Thoughts . . . by Mark Rich

. . . scribbled . . . scrawled . . . trimmed . . . typewritten . . . grubbed up . . . squeezed from circumstance . . .

Thursday, March 18, 2010

Advice to Roofers

Writers generally have few suggestions to roofers except to turn down the lousy radio. Roofers generally know their business, and wisely keep their radios blasting, it just so happens, so that the muttered expletives that are a professional's response to roofing mistakes will go unheard.

Writers asking roofers to turn down the lousy radio obviously know not whereof they speak, in other words.

Nevertheless, from my many and arduous sun-drenched minutes of roofing, I can offer you one piece of advice. This is to place your open jar of roofing nails -- an old mayonnaise jar is what I have, which I believe marks me as very nearly professional -- anywhere except next to your open can of roofing cement. In case you do not know, roofing cement is black, tarry gunk.

I offer this advice to help you avoid the inevitable error of reaching into the mayonnaise jar for another nail, and finding your hand in the black, tarry gunk.

This advice will also help you avoid dipping your spreading knife into the roofing-cement can to fetch up another glop of black, tarry gunk, only to find that you have stuck your black, tarry knife into your jar of nails.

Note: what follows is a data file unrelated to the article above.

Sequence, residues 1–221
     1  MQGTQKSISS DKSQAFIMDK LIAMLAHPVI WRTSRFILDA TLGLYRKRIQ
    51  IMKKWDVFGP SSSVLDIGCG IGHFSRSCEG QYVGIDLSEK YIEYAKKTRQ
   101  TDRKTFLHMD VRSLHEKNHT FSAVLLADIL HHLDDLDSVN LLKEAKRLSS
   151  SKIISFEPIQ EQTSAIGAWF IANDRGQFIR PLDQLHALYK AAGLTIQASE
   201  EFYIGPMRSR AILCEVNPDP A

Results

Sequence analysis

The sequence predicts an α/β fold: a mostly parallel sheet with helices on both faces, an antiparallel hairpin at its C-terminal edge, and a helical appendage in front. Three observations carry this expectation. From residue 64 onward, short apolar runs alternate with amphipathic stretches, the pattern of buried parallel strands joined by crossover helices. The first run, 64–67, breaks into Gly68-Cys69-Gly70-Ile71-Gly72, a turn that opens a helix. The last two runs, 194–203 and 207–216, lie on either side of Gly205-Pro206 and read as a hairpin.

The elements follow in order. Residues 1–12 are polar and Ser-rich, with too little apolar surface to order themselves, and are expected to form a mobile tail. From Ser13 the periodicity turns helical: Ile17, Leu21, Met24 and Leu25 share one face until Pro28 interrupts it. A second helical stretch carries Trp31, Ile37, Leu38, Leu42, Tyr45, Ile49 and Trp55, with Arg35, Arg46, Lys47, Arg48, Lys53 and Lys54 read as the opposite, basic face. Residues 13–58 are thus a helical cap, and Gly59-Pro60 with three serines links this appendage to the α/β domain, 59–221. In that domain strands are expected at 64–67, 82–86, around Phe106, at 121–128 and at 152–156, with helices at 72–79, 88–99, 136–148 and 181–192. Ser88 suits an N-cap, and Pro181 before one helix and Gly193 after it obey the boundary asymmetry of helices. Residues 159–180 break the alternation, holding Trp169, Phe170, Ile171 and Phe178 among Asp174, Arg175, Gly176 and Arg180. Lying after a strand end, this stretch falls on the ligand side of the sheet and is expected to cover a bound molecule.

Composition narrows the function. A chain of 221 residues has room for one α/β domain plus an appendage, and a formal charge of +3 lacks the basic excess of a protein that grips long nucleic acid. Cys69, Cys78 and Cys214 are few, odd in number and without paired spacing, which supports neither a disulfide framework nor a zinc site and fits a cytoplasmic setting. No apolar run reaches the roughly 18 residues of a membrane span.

If you are not a writer, consider how lucky you are: for a writer will not feel satisfied at committing one error, if two are available. Of the above two mistakes, for example, I attended to the first matter over at one end of the roof and, having learned my lesson, went down to the other end of the roof, where I promptly attended to the second. In other words, rather than repeating my first error, I came up with a new one to commit. Doing a new thing is a virtue, of sorts.

Now that I have done them, though, they are no longer new: so you may as well come up with your own.

Cheers ...

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